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To Follow Vajpayee, Modi Has To First Acknowledge The Kashmir Problem

To Follow Vajpayee, Modi Has To First Acknowledge The Kashmir Problem
A masked protester stands next to a graffiti painted on a road during a protest against the recent killings in Kashmir.

Prime Minister Narendra Modi’s invocation of Atal Bihari Vajpayee’s famous Kashmir formula of ‘insaniyat, jamooriyat aur Kashmiriyat’ is not just too little, it could be too late as well. It’s too little because neither Modi nor Home Minister Rajnath Singh the next day in Parliament indicated that the government has a roadmap for a return to peace in troubled Valley. And it may well be too late because in the absence of a plan, the ground situation is tipping dangerously close to the point of no return.

Vajpayee is a tough act for Modi to follow and it is difficult to see him walking down the same road as his predecessor as he promised to do when he held up Vajpayee’s three-pronged formula as the only way forward. Shorn of tear-jerking emotions and chest-thumping nationalism, the Modi government’s Kashmir outreach reveals a staggering lack of understanding.


Indian policemen chase protesters during a protest in Srinagar against the recent killings in Kashmir, August 9, 2016.

To begin with, it refuses to even acknowledge that there is a serious domestic and political problem in the state. Both Modi and Singh blamed the month-long violence, that has left 50 dead and many maimed for life, on Pakistan.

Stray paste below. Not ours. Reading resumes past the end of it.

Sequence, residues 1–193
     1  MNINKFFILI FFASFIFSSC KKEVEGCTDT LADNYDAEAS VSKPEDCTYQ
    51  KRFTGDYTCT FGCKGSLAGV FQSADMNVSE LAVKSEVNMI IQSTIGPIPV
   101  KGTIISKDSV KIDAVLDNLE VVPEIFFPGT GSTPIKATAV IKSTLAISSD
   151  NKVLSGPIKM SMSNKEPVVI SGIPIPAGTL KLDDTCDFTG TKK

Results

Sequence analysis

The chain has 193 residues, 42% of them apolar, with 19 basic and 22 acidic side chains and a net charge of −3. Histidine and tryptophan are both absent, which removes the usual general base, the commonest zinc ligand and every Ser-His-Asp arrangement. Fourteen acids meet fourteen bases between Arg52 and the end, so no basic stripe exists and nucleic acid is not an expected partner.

Modi took no names but dropped dark hints about “stones being handed” to innocent children who should be holding laptops, volleyballs, cricket bats and books. “This may suit the politics of some,” he said. Rajnath was more blunt. “Whatever is happening in Kashmir is Pakistan-sponsored,” he told the Rajya Sabha at the end of a day-long debate on the continuing violence in the Valley.

It is fatuous, even a tad insulting to Kashmiris, to pretend that Pakistan has the capacity to whip up a storm that has brought lakhs of young people out on the streets in villages and towns in the state. Anti-India agents from across the border can certainly add fuel to fire but the embers burning in the Valley were lit long ago, by years of neglect and failure to address the political issues that have led to a deep sense of alienation.


A masked protester gestures towards the Indian police during a protest in Srinagar, against the recent killings in Kashmir, India August 4, 2016.

Any attempt at rapprochement has to start with an admission that the root of the problem lies here, in India. Pakistan is only a complicating factor. Vajpayee may not have said so directly but in coining his now-famous phrase, he implicitly conceded the importance of direct political engagement with the people of Kashmir.

Singh demolished another prong of Vajpayee’s peace formula when he firmly rejected talks with Pakistan on Kashmir. “If talks happen with Pakistan…..they will be about Pakistan-Occupied-Kashmir,” he declared in Parliament.